Check the WRL catalog for Night of the Grizzlies
Picture this scene:
A beautiful young woman sits in her boudoir. Married that morning, she anxiously awaits her new husband. In he comes and makes the following statement, “There are some things I must say to you, and it is better that I should say them now at the very beginning so that there can be no misunderstanding between us.” “In public I shall be to you everything that a most devoted husband should be to his wife… I will give you courtesy, respect and apparently devotion. But you must expect nothing more from me. When we are alone I do not intend to keep up the miserable pretense, the farce of love and sentiment. Our marriage will never be a marriage in anything but name. I do not love you, I can never love you …The less we see of one another except in the presence of others the better.” The shocked girl asks him why he married her? With a bitter laugh he replies, “Since you force me to do so I must tell you the unflattering truth that your money is your only asset in my eyes.”
Although this sounds like something from a hackneyed romance novel, it’s not. This really happened to Elizabeth Drexel Lehr, and the story of her life with Harry Lehr, the gold digging cad that she was unfortunate enough to marry, is recounted in the rather astonishing autobiography, King Lehr and the Gilded Age, by Lady Decies (formerly Elizabeth Drexel Lehr).
Elizabeth was a child of wealth and grew up happy and comfortable in late 19th century New York City. Harry Lehr was also born into money, but when his father died he was left penniless, embittered and determined to make his way back into the privileged world of the wealthy. His plan was twofold, first he ingratiated himself to society matrons by being ever so engaging, witty and fun. He survived on their largesse and kickbacks from suppliers whose goods he encouraged his benefactors to purchase. Secondly, he kept an eye out for a wealthy and pliable heiress to marry. Poor Elizabeth was gullible enough to fall for his smarmy charms.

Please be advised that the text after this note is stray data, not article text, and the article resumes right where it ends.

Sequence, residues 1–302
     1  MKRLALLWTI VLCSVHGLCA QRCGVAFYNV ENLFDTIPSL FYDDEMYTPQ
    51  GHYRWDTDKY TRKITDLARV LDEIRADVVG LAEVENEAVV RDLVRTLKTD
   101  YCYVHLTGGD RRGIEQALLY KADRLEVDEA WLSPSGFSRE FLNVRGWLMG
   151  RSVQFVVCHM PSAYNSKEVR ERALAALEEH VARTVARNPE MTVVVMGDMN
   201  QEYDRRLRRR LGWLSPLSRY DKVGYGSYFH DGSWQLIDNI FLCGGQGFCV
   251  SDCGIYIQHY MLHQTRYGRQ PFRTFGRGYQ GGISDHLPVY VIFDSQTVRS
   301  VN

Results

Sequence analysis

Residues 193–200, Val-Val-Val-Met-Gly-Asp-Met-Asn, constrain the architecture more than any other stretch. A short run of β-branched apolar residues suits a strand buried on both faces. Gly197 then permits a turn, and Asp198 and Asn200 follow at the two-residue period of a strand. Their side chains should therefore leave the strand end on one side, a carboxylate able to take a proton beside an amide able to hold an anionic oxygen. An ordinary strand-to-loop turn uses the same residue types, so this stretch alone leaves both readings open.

What may be surprising to modern readers is that she didn’t divorce Harry the day after the shocking wedding night declaration. Fear of shaming her mother and alienating herself from her society friends kept her bound to Lehr for decades despite the fact that he emotionally abused her and lavishly indulged all his whims with her money.
The narrative follows their unhappy life together as they travel amongst the rich and powerful in the U.S. and Europe during the early years of the 20th century. We get a decidedly jaundiced view of the American “Downton Abbey” crowd, although many of the grandees mentioned will probably be unknown to people nowadays.
Elizabeth’s story is an interesting expose of a lost world and its dubious mores and manners. The book was considered quite shocking when it was originally published in 1938. It’s an engrossing page-turner for people who enjoy social history, women’s lives or scandal among the rich and famous.
NOTE: There’s a famous photo of Lady Decies taken by Weegee. Here you see Elizabeth going to the opera in 1943. The image makes a startling contrast to the beautiful painted portrait of her on the cover of the book.